Dry beans are very sensitive to frost and should be planted after risk of frost has passed. The ideal germination temperature for dry beans is 15°C or higher. Cool soil temperatures at planting may delay germination and reduce rates of emergence, particularly if seed is of poor quality.
Frost damage may be apparent as dark, water-soaked spots on wilted leaves or plants. General stunting may be observed if low temperatures persist. In a frost tolerance study, white and pinto bean seedlings were less tolerant to frost than soybean and field pea. At -3.25 to -3.50° C in a growth chamber, 50% of pinto and white bean seedlings died.
The extent of early-season frost damage will depend upon where the plants were damaged. If the plant is damaged below the cotyledons, it will not recover. If the growing point is damaged, but the lower stem remains intact, the plant will send out new shoots from the base of the leaves or cotyledons. Wait a few days before replanting to see if these shoots appear.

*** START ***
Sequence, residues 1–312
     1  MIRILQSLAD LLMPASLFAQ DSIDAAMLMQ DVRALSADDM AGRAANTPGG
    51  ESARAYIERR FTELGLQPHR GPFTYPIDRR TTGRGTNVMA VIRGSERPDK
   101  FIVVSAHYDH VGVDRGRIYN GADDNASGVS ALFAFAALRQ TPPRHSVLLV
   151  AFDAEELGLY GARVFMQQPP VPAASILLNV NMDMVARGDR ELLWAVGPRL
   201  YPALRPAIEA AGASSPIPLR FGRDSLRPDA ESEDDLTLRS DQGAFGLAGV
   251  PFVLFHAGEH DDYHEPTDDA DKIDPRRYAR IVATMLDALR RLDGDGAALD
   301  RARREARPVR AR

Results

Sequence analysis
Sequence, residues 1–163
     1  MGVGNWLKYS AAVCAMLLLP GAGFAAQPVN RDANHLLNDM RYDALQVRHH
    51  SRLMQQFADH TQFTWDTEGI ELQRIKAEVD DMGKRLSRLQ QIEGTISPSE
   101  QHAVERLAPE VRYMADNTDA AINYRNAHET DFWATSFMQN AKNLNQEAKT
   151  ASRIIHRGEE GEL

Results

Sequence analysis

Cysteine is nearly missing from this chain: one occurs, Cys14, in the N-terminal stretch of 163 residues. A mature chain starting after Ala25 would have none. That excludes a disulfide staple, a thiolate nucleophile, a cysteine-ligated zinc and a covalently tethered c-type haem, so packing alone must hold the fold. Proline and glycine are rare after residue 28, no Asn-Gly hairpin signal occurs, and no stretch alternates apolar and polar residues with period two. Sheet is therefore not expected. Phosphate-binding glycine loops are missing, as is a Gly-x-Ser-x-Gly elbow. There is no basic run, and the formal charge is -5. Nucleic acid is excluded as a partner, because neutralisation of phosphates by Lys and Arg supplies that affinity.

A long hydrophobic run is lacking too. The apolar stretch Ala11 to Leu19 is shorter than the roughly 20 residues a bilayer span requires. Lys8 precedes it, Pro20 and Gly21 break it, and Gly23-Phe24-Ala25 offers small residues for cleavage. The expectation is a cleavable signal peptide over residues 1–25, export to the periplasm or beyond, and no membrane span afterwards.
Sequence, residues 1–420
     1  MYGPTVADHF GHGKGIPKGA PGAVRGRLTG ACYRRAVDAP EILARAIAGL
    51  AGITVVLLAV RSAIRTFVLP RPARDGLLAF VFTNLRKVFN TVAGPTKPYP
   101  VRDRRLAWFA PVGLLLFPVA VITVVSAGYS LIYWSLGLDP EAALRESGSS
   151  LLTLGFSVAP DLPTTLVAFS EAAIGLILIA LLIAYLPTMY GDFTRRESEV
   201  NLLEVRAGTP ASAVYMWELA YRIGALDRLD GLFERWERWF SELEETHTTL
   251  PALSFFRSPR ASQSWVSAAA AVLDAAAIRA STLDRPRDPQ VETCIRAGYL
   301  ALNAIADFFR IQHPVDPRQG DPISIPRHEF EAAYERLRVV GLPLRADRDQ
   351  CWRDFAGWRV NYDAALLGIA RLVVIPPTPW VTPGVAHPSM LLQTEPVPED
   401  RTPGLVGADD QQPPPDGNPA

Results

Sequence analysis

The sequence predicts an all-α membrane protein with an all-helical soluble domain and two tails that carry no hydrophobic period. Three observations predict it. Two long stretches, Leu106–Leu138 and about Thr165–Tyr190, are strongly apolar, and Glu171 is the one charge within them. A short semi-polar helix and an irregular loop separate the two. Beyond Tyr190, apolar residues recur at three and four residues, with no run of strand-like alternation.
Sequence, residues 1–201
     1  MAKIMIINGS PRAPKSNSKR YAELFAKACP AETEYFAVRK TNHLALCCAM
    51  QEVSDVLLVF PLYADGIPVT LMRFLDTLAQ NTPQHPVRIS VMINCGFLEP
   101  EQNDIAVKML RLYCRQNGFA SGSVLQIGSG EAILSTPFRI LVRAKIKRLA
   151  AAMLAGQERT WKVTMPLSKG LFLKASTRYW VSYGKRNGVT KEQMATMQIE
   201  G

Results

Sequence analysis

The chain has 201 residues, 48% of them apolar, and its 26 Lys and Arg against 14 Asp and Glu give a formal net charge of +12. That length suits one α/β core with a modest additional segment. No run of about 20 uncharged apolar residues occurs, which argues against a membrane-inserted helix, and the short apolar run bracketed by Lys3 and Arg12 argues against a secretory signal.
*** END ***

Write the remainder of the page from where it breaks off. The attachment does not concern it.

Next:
When replanting, it is best to terminate the existing crop first. Planting into the damaged crop will result in fields with highly variable maturity. This causes challenges with timing of pre-harvest herbicide application, timing of harvest, and green material at harvest.
D.W. Meyer and M. Badaruddin. 2001. Frost tolerance of ten seedling legume species at four growth stages. Crop Science 41 (6). DOI: 10.2135/cropsci2001.1838
Robert Hall (editor). 1994. Compendium of Bean Diseases. US Department of Agriculture.
Agronomy Guide for Field Crops – Publication 811. Ontario Ministry of Agriculture, Food and Rural Affairs (OMAFRA).